What is the efficacy of proton-pump inhibitors (PPIs) in preventing upper gastrointestinal bleeding (UGIB) in patients taking antiplatelet or anticoagulant therapy?

Updated: Sep 01, 2021
  • Author: Bennie Ray Upchurch, III, MD, FACP, AGAF, FACG, FASGE; Chief Editor: BS Anand, MD  more...
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Standard dose PPI therapy is advised for gastroprotection in all patients on antiplatelet therapy who are at increased risk of GI bleeding (age >65 years or concomitant use of corticosteroids or anticoagulants or history of peptic ulcer). International normalized ratio (INR) monitoring is required when starting or stopping PPI therapy in users of vitamin K antagonists.

No demonstrated interaction exists between PPIs and the novel oral anticoagulants. Based on a documented efficacy, antiplatelet therapy (aspirin < 300 mg/daily, ticlopidine 100 mg/daily, clopidogrel 75 mg/daily) is widely used for both primary and secondary prevention of cardiovascular and cerebrovascular ischemic events. [93, 94] However, antiplatelet drugs may cause adverse GI events (gastroduodenal ulcerations/erosions, overt bleeding, occult bleeding, and rare perforation), with a definite probability of death, particularly in the elderly. Therefore, gastroprotection is advised in those patients at increased GI risk during antiplatelet therapy.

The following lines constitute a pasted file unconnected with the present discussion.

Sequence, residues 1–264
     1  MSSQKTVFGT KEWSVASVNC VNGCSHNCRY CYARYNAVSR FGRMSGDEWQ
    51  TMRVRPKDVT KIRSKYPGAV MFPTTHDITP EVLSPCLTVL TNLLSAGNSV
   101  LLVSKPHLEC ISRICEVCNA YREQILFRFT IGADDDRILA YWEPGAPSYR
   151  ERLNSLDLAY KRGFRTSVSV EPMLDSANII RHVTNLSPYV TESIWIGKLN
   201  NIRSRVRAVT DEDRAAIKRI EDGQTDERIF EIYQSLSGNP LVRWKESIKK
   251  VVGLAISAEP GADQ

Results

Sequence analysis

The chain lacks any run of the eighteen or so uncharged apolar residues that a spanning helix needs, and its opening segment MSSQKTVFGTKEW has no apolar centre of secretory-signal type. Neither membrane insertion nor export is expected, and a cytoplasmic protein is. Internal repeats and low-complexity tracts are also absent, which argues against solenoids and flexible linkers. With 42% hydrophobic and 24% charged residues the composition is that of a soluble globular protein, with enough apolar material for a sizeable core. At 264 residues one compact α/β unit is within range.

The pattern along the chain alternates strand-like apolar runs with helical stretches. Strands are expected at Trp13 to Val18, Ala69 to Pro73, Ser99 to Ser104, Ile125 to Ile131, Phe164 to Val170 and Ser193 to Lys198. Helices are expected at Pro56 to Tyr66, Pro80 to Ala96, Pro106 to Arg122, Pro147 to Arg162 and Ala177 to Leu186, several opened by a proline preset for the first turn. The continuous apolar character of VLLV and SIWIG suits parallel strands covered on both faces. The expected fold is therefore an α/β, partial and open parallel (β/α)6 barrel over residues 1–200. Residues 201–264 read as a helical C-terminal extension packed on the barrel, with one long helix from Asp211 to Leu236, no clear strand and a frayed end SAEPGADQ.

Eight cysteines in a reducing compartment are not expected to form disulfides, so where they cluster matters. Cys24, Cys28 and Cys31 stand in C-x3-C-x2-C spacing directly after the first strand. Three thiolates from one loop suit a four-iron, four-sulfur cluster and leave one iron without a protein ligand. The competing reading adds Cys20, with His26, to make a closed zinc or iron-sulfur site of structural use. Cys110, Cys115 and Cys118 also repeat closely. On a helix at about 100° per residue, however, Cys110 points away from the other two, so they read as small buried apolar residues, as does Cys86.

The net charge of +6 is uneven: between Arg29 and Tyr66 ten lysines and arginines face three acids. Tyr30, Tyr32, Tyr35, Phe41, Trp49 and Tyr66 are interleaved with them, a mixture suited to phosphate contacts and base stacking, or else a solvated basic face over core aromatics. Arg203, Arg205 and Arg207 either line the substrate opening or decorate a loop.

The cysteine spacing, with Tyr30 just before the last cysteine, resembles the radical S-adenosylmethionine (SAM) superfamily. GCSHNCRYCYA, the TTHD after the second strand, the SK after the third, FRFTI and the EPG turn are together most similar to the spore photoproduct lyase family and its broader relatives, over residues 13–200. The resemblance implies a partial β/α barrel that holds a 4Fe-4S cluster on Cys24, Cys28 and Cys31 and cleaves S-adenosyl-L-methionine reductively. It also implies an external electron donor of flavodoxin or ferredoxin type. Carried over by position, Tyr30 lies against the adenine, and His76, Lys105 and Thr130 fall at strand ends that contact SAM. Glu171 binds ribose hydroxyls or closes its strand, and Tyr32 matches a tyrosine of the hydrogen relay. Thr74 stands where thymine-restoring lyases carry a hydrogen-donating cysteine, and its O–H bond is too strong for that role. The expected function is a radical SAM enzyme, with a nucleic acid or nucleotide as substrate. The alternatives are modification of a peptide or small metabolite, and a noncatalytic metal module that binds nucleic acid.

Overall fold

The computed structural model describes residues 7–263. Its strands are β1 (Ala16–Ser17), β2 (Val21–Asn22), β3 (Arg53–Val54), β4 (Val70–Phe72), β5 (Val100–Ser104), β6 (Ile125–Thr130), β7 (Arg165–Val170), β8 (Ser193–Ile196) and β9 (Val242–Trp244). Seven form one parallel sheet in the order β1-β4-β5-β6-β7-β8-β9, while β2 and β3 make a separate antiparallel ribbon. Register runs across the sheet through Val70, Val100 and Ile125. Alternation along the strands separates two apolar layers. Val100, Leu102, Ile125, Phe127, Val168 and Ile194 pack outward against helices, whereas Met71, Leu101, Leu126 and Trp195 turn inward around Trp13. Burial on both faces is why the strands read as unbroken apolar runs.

Increased risk factors include age 65 years and older, concurrent use of steroid/anticoagulant therapy, or a history of peptic ulcer disease. The presence of relevant comorbidities (heart failure, renal impairment, stroke, diabetes, ongoing malignancy) and tobacco use are additional risk factors for both GI events and related mortality. Standard PPI dosing is the most effective gastroprotective therapy.

PPI therapy is not effective in preventing bleeding lesions induced by antiplatelet drugs in either the small intestine or the colon.

Anticoagulants, either vitamin K antagonists or novel oral anticoagulants (NOACs) (including dabigatran, rivaroxaban, and apixaban), do not cause gastroduodenal mucosa injury in and of themselves. These agents may, however, facilitate bleeding of preexisting peptic ulcers. Although gastroprotection with a PPI is currently routinely recommended, unless a concomitant antiplatelet or nonsteroidal anti-inflammatory drug (NSAID) therapy is prescribed, data exist that show PPI cotherapy is associated with reduced risk of warfarin-related UGIB. [95]

In patients under acid suppression because of gastroprotection for any acid-related disease, intensified INR monitoring is recommended because PPIs may potentiate vitamin K antagonist-induced anticoagulation, most likely due to facilitated gastric absorption of warfarin. [96]

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